A unique sample: how rocks from Phobos may reveal much about Mars.

Artist impression of the MMX spacecraft around Phobos and Deimos.

There is a myth of a meteorite from Mars that struck a dog when it fell in Egypt in 1911.

“This would be the world’s unluckiest dog,” declared Steve Squyres to the packed auditorium here at ISAS.

While the canine may have been fictitious, the meteorite was genuine. It became known as the Nakhla meteorite, one of the hundred examples we have of meteorites that originate from the red planet.

Such rocks are invaluable for understanding another world. Squyres describes samples as a “gift that keeps on giving” since analysis can be repeated as instruments and techniques improve. However, our current sources for Martian samples are not able to give us a full picture of the planet. It is a drawback that is making Squyres extremely excited about the Martian Moon eXploration (MMX) mission.

Squyres is a pioneer in Mars research. He is deeply involved with NASA missions to our neighbour, from global examinations with the Mars Reconnaissance Orbiter, to science based on the Martian surface with the Mars Science Laboratory and exploration of the terrain with the Mars Explorations Rover (MER) mission. The MER mission is perhaps where Squyres is most renowned, being the principal investigator for the science performed by the twin Spirit and Opportunity rovers that landed on Mars in 2004. Both rovers shot past their planned lifetime of 90 Martian days, with Spirit continuing to 2010 and Opportunity still active this year, holding the record for the longest wheeled drive on Mars. The rovers found geological evidence water once ran on Mars, from discovering “blueberries” of hematite minerals that typically forms in the presence of water to crossbeds of overlapping rock caused by watery flows. These projects have revealed a planet of incredible geologic diversity, with a plethora of rock types that can each tell a different story about Mars’s history.

Mechanically hard rocks born in volcanoes point to Mars’s geological past; a time when the silent planet may have been as internally active as the Earth. Meanwhile, peeling back the layers of softer sedimentary rocks reveal an ancient environment that might have been habitable.

To understand Mars’s past, we therefore need to study a representative sample of these rocks. This is where it gets tricky.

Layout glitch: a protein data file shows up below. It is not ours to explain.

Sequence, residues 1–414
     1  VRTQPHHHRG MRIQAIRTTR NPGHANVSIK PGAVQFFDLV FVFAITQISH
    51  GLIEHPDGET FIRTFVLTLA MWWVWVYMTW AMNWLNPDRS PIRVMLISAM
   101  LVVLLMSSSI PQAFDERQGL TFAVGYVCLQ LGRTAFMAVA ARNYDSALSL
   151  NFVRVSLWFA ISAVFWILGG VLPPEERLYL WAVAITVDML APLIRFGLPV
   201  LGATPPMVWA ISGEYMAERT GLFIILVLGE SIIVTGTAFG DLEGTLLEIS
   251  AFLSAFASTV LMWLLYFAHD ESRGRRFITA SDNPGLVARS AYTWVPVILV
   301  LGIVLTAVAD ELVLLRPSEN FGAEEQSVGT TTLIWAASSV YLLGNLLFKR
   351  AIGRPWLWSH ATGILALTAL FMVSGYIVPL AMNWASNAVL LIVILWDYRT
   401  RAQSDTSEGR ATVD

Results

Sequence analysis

The rovers are able to analyse rocks on the Martian surface, providing information about the surrounding terrain. But while mobile, rovers can only cover tiny distances.

“No rover,” says Squyres. “has investigated rocks that are in any way representative of Mars.”

Martian meteorites such as Nakhla can originate from all over the red planet’s surface. However, the trip is not an easy journey.

To reach Earth, the rock must survive being ejected from Mars’s surface at more than 5 km/s; the speed required to escape Mars’s gravitational pull. It must then travel for millions of years in space before being shock-heated into a shooting star or fireball as it falls through our atmosphere.

“Only the strongest survive,” says Squyres, explaining why Martian meteorites are all examples of dense, hard rocks. The smaller rocks and softer sediments disintegrate en-route, leaving us with samples originally globally distributed on Mars but still not representative of the planet’s geology.

But while a meteorite would struggle to survive the trip to Earth, surviving the trip to the Martian moons is another story.

Our Martian Moons eXploration mission plans to visit both Mars’s small moons, Phobos and Deimos, and explore the environment surrounding their parent planet. This autumn, it was confirmed that the MMX spacecraft would gather a sample from Phobos to return to Earth.

While both moons were considered for the sample site, Phobos has a few advantages compared to Deimos. Orbiting closer to Mars than its sibling moon, Phobos feels a stronger pull from the planet’s gravity. Sitting deeper within Mars’s gravitational well makes landing on Phobos a greater technical challenge, but it allows an easy transition over to Deimos should any unforeseen problems arise during the mission.

In terms of the science, Phobos offers another big advantage. The moon should be regularly showered by Martian meteorites.

Impacts from meteorites on Mars eject material into orbit. While only the fastest and biggest rocks may make it to Earth, a far far greater range can make it to Phobos, a mere 6,000 km above the Martian surface.

Phobos itself is also subjected to meteorite hits. Numerical simulations conducted by researchers Kenneth Ramsley and James Head from Brown University in the US suggest these collisions eject material from the small moon, but most will not be able to escape Mars’s gravity and will instead orbit the planet and re-join Phobos.

This process does lead to a size sorting, but a far less dramatic one than caused by the journey to Earth. Grains less than about 300 micrometers feel a force from the Sun’s radiation (a process known as “Poynting-Robertson” drag) and spiral back to the Martian surface. Anything larger than these grains is liable to be found on Phobos’s surface and their origin can be anywhere on Mars.

The result is that when the MMX spacecraft gathers a sample from the moon, it will gather both Phobos and Mars material. As Phobos is made from a very dark substance compared to Mars’s reddish hue, the two rock types should be easy to distinguish. This will provide a geologically varied sample from Mars that originates from sites all over the planet. This —Squyres says— makes it unlike any other collection of Mars rocks.

“You’re going to have Mars rocks!” he concludes. “This will be a tremendously exciting mission.”